Vegetables, yarn, and yarns: all of my passions all in one place.

Monday, September 20, 2010

Anything and chocolate

I'm your standard everyday overachiever. I am one of those people who overschedule, overbook, overkill everything. And as I'm trying to do what good ole Semenza taught me to do in Graduate Study for the 21st Century and work work work harder, longer, and faster than even your professors work, just to prove your chutzpah, I find that I have no time for, well, anything not in some way directly related to schoolwork, including my 20 hour per week internship at the local NPR/PBS station.

The blog has taken a hit and for that I apologize. I still have my index cards. One, in particular, a nice eggplant meatball recipe, I've had Art make again and again for me to take in tupperware and leave in the faculty frig for supper before night class after teaching and doing NPR research all day. It's coming soon and believe me, you're going to love it. In the mean time, Mondays I get home in enough time to eat with my boys. Today, Art made a fun concoction that started out as stir fry before he realized we were out of the usual stir fry veggie standbys.

Instead, he added a bit too much dark chocolate baking cocoa into the rice, adding black beans, a can of tomatoes, a can of mixed veggies, and a can of diced tomatoes (dented and clearanced at Kroger). It was a rather strange color but utterly delicious. I have no photos. I have no recipe. Just my man, a pan, a larder full of canned goods, and a starved, overworked vegetarian in need of both vegetables and protein.

And chocolate, as everyone knows, goes with anything. Magic. Do I have the best guy on the planet or what, ladies? Black beans and chocolate... love if ever I saw it.

Saturday, September 4, 2010

Baked stuffed tomatoes and other adventures

A few weeks back, my cousin Kristin came in for a visit. This is how behind I am on blogging. My son was at his dad's for the weekend, so Art and I went online and found a nice fancy restaurant to take her to while she was in town, show her the best that Cleveland has to offer. Originally, I was thinking something in Little Italy. Then, Art found Pier W. It's a seafood place on the West side of town that boasts of a floor-to-ceiling, wall-length window with a view of downtown.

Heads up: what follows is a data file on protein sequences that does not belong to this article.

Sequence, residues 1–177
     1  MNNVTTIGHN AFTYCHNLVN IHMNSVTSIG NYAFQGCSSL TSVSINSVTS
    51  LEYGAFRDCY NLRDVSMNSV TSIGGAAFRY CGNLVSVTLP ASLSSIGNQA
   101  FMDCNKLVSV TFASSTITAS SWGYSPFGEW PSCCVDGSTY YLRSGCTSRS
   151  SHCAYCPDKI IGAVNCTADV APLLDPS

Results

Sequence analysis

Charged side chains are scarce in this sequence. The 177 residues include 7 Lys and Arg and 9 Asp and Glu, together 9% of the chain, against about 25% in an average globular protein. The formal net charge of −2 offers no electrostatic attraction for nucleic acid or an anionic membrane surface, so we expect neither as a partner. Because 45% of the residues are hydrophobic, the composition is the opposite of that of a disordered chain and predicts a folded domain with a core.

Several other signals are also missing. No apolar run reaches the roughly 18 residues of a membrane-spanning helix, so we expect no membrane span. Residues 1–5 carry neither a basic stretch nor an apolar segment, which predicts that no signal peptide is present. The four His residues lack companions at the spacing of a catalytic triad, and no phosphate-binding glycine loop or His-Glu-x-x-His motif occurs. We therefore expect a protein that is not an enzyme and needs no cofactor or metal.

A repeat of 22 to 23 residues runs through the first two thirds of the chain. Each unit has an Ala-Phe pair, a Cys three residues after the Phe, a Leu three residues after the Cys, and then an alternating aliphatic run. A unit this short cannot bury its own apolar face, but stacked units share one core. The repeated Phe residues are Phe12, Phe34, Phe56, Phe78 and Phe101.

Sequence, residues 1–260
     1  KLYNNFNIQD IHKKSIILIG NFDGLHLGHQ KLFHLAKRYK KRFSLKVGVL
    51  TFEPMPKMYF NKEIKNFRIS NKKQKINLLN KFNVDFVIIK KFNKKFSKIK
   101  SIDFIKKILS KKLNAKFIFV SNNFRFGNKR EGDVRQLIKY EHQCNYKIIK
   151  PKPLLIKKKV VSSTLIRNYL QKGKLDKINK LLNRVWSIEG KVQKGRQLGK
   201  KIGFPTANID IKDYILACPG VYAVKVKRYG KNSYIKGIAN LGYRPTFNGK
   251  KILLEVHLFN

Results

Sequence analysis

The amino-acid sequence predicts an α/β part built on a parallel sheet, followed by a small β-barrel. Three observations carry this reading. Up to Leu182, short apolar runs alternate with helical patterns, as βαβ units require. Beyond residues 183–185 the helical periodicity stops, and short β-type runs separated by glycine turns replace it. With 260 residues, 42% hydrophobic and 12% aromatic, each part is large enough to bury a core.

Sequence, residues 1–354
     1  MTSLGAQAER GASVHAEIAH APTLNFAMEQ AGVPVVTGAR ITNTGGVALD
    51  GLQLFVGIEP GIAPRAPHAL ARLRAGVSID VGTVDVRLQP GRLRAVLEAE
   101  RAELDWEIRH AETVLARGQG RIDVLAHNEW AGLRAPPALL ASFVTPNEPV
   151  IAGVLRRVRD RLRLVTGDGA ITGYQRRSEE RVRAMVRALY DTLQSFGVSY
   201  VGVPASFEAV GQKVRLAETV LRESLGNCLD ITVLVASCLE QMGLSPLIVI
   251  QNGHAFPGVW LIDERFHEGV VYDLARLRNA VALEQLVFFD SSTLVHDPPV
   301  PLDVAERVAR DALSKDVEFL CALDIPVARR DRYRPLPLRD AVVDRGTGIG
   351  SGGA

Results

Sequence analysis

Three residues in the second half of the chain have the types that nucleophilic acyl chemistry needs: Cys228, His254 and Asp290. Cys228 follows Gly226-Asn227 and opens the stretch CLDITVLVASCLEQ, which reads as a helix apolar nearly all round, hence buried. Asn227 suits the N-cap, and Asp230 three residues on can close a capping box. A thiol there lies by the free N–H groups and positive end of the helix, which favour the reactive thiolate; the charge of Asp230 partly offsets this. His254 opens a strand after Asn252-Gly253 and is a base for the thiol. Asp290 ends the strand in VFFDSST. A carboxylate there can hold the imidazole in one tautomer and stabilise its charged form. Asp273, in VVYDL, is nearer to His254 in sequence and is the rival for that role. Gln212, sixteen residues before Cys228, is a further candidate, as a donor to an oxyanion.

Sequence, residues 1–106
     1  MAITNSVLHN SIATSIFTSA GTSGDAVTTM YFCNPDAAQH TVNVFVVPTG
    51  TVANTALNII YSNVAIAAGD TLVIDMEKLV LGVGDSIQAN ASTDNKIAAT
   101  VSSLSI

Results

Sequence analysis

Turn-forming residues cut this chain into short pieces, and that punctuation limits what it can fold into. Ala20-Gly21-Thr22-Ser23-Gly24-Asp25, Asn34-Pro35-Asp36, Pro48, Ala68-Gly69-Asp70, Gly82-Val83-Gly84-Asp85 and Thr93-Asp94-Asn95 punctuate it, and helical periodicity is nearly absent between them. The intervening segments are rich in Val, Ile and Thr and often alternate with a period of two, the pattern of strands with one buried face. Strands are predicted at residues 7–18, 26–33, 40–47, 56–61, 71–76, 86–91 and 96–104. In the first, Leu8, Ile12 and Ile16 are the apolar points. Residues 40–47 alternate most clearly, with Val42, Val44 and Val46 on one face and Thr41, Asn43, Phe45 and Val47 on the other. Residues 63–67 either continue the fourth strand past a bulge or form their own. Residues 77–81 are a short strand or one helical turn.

We didn't tell Kristin where we were taking her. Just went, and all of us were blown away. The food was excellent with a wide selection, including an entire vegetarian menu. I had the vegetarian plate, a sample of three popular options of their vegetarian fare. I did not take pictures, as I did not have my camera on me. But if I had, I doubt I'd have stopped eating long enough to snap a photo. Art got the Walleye Tempura, and Kristin ordered some sort of lobster pasta.

The reason I mention this before discussing my tomato-stuffing recipe: Kristin left her leftovers behind when she packed up her cat back in her car and headed for home, and I ate her leftovers on the side, next to these lovely tomatoes. I will say that I'd never had lobster before. I may never have it again, but the pasta was delicious, very rich and very tasty in small portions.

As for the bill, I prefer not to thing about it. Art paid and we're counting it as an early anniversary dinner and celebration over newly gained employment on Art's part, all rolled into one hefty check. Should you go to Pier W, be ready to shell out some cash, but know that the food is superb, the waitstaff is companionable and not at all snobbish, and the atmosphere is one-of-a-kind. Looking out that large window at the twinkling lights of downtown Cleveland was the only time I've ever seen Cleveland look pretty. And that's something.

The following tomato recipe, however, can be made at home with little cost to you, though you will not be able to plate it with Pier W lobster pasta.